Oh, and "school holidays" is roughly the equivalent of spring break. Places book out quickly.
posted by third word on a random page at 1:21 AM on July 5, 2015 [1 favorite]


Easy to do, and quite fun.

From Adelaide to Cairns it's not problem, plenty of places to stay and awesome things to see. Driving the coast road is a brilliant trip but will take a long time. Adelaide to Melbourne (through the Coorong- while it still exists) is fantastic. Three, maybe four days.

Melbourne to Sydney via the coast is a brilliant drive, and easily done in two enjoyable days.

Sydney to Brisbane via the Pacific highway is a good drive, plenty of places to stay - two easy days. Then up to Cairns from Brisbane via the Bruce highway is four days with plenty to see and places to stay.

Once you get into the interior, the it become harder and depending on how far interior you want to go, be prepared to camp / reliable 4wd etc - but utterly worthwhile.
posted by mattoxic at 1:44 AM on July 5, 2015


Things are more expensive, but the exchange rate is greatly in your favour right now! (I dunno - I live in Sydney and bread isn't $6, unless you get the really nice organic stuff. Coles and Woolworths are the two big grocery stores and both allow you to shop online if you want to check prices).

I'm American and have done a lot of road-tripping and driving all over the continental states. The big difference here is that we just *don't* have the same population density. Once you leave a big city, the towns get super small super fast (and then pretty far apart). So, like you could leave SF for LA down I-5 or 99 any time of day and stop whenever and it'd be no problem... but you wouldn't just leave Albuquerque for Oklahoma City at 5pm assuming you could easily stop whenever you got tired. It might require that sort of planning.

I've done the campervan thing here and it was great! I just checked and got a quote for $42/day AUD. Winters are mild - I think if you stay N. of Sydney you'd be ok. It's been close to freezing the last few nights here in Sydney though, and if you head S. toward Melbourne it will get colder. I've camped in CA and AR in Feb in a down sleeping bag (rated for summer in AK) and it was...cold enough to be Not Fun.

Despite having been cold last night, the weather here today was *beautiful*. Sunny, clear, warm in the sun!
posted by jrobin276 at 2:02 AM on July 5, 2015 [1 favorite]


As mentioned above, this:

a) greatly depends on where you are driving. East coast of Aus would mostly be no problems, and
b) you should be prepared to say in pretty shitty (for the price) hotels; you can't rely on decent backpacker joints the whole way necessarily.

Australia is big. The distance between Perth and Sydney is further than the distance between Paris and Moscow. Sydney to Cairns is nearly as far. If you wanna do a lot of driving, you've come to right place, but there are better ways to digest the country for sure. Also, Nthing campervans for sure. You will save so much money over the long haul.
posted by smoke at 2:11 AM on July 5, 2015


Response by poster: Thank you all for taking the time to offer input and suggestions. I've taken the campervan idea to heart and done some additional research. Agreed that it's a cheaper option than motels, but I also have to factor in that the fuel economy (10l/100km) is 2x that of the rental car I was going to get, which adds a significant extra cost for the mileage I anticipate. And I've not even factored in food yet.... Oh boy - I honestly had no idea how expensive Australia is: I guess it's a trip for another time, perhaps with friends who can share the cost....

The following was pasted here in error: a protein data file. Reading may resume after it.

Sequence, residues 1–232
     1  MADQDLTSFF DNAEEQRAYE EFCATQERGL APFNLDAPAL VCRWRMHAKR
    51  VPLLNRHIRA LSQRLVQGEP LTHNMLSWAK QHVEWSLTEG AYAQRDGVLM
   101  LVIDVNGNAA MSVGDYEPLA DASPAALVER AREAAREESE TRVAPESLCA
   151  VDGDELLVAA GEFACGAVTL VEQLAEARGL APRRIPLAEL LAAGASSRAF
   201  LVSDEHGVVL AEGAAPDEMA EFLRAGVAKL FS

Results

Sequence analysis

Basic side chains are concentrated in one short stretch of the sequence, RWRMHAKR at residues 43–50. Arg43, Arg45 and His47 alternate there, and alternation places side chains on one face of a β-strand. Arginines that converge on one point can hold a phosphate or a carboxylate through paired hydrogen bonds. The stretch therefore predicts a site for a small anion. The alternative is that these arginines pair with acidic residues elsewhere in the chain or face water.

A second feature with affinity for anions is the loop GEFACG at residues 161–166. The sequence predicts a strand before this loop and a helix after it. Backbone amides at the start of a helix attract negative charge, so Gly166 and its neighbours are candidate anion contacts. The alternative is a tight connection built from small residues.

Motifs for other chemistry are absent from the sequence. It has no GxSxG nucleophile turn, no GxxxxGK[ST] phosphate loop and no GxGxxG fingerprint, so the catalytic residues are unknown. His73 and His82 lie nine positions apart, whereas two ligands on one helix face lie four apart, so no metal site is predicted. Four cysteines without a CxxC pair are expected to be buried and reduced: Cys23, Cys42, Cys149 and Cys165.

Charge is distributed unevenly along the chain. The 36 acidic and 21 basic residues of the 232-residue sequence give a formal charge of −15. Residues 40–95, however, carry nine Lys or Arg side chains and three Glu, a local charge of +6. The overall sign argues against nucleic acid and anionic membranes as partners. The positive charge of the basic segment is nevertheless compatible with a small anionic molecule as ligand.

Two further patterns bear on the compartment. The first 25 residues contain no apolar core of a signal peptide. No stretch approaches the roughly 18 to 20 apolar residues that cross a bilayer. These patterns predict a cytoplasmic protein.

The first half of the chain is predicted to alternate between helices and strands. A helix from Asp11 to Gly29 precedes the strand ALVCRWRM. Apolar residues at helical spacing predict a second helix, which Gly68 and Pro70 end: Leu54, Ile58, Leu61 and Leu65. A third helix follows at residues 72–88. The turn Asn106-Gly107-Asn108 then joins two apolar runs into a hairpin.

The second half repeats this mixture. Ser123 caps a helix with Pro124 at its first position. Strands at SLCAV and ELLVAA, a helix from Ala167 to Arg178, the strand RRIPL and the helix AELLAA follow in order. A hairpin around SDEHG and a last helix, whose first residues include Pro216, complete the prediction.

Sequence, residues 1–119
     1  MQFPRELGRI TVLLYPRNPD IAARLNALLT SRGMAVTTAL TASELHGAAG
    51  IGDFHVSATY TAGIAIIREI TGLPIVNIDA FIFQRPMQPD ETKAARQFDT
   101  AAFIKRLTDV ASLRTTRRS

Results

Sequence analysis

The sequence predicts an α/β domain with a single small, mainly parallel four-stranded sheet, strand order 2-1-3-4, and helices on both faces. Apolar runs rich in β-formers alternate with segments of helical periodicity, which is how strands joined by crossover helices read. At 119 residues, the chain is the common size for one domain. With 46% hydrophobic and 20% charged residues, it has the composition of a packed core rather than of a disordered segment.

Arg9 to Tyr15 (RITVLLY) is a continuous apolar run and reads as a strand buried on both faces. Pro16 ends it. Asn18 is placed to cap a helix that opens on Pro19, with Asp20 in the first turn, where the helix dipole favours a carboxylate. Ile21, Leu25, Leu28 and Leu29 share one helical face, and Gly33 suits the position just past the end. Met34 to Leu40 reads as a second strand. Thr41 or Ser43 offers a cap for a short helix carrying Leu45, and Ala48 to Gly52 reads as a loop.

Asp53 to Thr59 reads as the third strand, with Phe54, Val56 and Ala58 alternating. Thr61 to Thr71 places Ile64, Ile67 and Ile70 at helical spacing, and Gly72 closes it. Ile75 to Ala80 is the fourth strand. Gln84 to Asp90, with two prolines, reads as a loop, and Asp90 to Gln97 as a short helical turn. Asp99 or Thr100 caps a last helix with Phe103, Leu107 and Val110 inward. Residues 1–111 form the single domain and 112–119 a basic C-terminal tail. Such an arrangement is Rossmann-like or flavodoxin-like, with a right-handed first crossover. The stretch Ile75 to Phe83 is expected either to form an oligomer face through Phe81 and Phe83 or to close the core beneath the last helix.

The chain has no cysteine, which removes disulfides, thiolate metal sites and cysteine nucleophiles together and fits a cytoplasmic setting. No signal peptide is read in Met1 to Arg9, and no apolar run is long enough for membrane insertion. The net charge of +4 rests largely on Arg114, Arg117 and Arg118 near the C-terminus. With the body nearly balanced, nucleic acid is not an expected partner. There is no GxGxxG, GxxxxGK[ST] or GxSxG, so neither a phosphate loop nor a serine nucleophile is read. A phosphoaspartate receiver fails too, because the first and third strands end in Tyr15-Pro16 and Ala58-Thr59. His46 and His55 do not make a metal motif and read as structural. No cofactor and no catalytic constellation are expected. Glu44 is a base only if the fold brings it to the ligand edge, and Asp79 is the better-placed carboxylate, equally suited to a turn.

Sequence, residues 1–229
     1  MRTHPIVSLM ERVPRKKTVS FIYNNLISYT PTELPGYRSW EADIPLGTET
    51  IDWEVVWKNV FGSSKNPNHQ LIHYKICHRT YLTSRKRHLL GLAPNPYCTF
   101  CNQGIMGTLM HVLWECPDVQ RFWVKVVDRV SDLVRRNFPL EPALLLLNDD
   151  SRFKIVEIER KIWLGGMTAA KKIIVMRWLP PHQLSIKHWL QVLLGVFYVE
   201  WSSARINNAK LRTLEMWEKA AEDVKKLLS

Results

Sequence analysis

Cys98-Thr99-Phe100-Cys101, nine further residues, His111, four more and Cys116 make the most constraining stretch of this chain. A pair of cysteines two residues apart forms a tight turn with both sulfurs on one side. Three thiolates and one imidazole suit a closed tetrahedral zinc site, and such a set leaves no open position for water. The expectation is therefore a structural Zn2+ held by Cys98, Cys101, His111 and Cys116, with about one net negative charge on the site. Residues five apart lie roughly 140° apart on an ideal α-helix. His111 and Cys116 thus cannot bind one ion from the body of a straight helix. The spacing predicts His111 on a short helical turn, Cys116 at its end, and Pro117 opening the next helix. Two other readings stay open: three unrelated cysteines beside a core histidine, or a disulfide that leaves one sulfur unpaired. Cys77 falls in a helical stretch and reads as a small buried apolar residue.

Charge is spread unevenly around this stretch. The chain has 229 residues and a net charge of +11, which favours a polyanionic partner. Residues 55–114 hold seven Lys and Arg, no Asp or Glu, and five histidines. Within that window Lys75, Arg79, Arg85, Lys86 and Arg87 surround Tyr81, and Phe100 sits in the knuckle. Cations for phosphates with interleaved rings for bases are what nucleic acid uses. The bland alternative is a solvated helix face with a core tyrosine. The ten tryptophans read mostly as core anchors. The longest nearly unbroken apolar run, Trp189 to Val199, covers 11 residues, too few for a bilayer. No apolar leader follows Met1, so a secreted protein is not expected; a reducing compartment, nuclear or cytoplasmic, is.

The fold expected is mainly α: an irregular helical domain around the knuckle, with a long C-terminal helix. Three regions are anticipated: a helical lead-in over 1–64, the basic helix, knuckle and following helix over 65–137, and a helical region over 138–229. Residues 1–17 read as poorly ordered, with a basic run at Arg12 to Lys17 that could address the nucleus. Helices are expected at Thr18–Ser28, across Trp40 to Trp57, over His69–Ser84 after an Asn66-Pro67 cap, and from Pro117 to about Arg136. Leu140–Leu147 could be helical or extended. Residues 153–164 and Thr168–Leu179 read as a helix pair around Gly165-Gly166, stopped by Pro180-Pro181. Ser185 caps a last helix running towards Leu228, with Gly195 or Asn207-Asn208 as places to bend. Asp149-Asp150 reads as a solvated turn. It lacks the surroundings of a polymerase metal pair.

posted by forallmankind at 7:58 AM on July 5, 2015


Also remember that a lot of pubs in Australia offer accommodation, especially the ones in small country towns, if they don't they will know someone who will. The accommodation can be a little primitive with shared bathrooms but if you are in the arse end of no where they may be the only accommodation around. Also a lot of Caravan parks in Australia have on site cabins or vans to rent, and again these may be more common in out of the way locations than motels.

Remember when looking at distances that most of Australia is not connected with fancy expressways & toll roads like in the US. Our Highways for the most part are simply 2 lane roads one lane going each way, with no divider, that you'll be sharing with truck traffic (road trains of 3 trailers or so if you go outback) with no overtaking lanes for kms, so while you might think you can do x distance in a day because you can drive that far in the US, you won't be able to as the roads are not as easy to travel. You do however get to see a lot more as it's right there on the road and you're not just whizzing by it.
posted by wwax at 11:28 AM on July 5, 2015


Are you willing to sleep in the car? My mum does a lot of driving up and down the west coast and, as someone who thinks she is going to die if she spends $1, usually sleeps in rest stops. It's not illegal, they're free, there are lots of them and usually they have basic toilet facilities too.
posted by Wantok at 8:32 PM on July 5, 2015